My One Cent: Nicole Ellis

My One Cent: Nicole Ellis


Nicole Ellis’ My One Cent blog

Nicole Ellis is CARE’s Policy Communications Manager in Washington, DC.  Having seen CARE’s programs in more than 20 countries, Nicole says working for CARE is “deeply personal.”  This is Nicole’s My One Cent story:

In 2009, I joined CARE after working on Capitol Hill for almost four years. Today, I serve as our Policy Communications Manager, ensuring that CARE’s advocacy priorities, such as the foreign assistance budget and humanitarian assistance, are featured prominently in the news and reach influencers like members of Congress and the Administration.

In my 8+ years at CARE, I’ve been lucky enough to see our work in more than 20 countries, spanning Africa, Asia, Latin America and the Middle East. The most inspiring part of my travel has been witnessing firsthand the impact U.S. investments have made in the lives of so many families and communities. And I’m not just talking about education, food or emergency assistance. I’m talking about the generational impact that these small investments – roughly 1 percent of our budget – create in the lives of millions of people every second of every day.

However, at this time, the foreign assistance budget is facing deep cynicism and drastic setbacks. Despite the tremendous and growing global need for these small yet powerful investments, the Trump administration proposed deep cuts to the foreign assistance budget in FY18, and we are anticipating even larger cuts in FY19. This past year, we also saw devastating cuts to lifesaving, life-changing programs for women and girls, including family planning and maternal health care services.

As a mother to a two-year-old daughter (and another on the way), I’m deeply concerned about the current political environment and the risk these programs face moving forward. Every mother deserves the chance to have a healthy pregnancy and raise healthy children. It’s a basic and universal human right. When I was pregnant with my first daughter, I was diagnosed with gestational diabetes. Without access to quality health care services, including providers, testing and medication, my pregnancy and the health of my daughter could have looked very different. And my Mom and great-grandmother would also agree. Two weeks after giving birth to my twin sister and I, my Mom almost hemorrhaged to death while home alone. Luckily, because of the privileges we have as Americans, my Mom was able to quickly get to the hospital, where she had a blood transfusion and the critical care she needed to safely recover. However, my great-grandmother wasn’t so lucky. Two days after giving birth to my grandfather, her seventh child, she hemorrhaged to death. That was in 1933, yet women around the world still face the same challenges today. In fact, every 90 seconds, a woman dies from a pregnancy-related complication. And postpartum hemorrhage is the leading cause of maternal deaths worldwide.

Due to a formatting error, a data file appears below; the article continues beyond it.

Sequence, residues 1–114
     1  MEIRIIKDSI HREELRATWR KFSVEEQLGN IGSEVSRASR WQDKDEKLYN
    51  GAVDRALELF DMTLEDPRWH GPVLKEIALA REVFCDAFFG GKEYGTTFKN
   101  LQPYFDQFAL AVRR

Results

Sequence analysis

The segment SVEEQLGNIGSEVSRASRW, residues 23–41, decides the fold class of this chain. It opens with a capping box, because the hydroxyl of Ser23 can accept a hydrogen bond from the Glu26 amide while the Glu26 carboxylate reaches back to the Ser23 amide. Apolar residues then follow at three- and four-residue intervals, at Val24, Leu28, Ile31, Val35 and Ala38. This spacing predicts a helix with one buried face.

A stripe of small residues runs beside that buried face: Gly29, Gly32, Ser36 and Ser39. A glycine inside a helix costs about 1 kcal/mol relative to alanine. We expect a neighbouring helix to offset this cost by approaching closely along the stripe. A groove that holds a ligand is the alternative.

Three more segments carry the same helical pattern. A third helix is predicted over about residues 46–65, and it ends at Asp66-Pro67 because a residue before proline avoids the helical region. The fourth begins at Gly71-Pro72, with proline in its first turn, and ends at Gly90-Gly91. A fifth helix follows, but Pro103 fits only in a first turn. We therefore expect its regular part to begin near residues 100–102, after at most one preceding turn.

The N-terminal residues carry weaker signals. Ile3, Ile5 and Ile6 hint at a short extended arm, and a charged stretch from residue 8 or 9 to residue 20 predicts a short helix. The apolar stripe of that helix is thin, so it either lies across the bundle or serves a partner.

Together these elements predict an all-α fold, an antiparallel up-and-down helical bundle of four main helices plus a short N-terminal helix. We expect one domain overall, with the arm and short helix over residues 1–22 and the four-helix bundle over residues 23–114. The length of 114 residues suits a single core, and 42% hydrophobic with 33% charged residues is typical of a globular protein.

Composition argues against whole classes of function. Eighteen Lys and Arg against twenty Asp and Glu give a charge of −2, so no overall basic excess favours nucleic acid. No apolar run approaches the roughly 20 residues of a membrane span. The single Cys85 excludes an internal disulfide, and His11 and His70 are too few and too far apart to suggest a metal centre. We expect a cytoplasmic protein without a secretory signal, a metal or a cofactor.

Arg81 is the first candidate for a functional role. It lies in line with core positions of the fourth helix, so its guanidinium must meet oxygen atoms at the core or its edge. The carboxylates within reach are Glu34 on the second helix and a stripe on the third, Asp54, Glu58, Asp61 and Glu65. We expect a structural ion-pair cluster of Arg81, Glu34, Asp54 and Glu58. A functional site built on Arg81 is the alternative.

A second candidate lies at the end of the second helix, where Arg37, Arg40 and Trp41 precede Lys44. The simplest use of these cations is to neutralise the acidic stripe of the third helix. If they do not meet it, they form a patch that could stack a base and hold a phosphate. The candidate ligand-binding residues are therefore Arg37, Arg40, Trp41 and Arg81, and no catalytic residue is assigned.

But the good news is: these deaths are entirely preventable. And we have the tools and resources at our fingertips.  That’s why our continued investment in the world is so important. Pregnancy and childbirth should not be a death sentence. That’s what motivates me in my work every day. And that’s why, as a communicator, storytelling is so important. Members of Congress need to know and understand how important these investments truly are…for mothers, their children and the generations of children who will come afterwards.  

But right now, I’m not cynical. This isn’t the first time we’ve faced an uphill battle with Congress and the Administration. And it’s not the first time we’ve faced budget cuts. The development community has always pushed back and persevered, and there are a lot of champions out there who believe in foreign assistance. I trust that, in 2018 and beyond, these champions will continue to shine through and stand up for women and girls everywhere. I know my Mom, my daughter and I will be standing right beside them.

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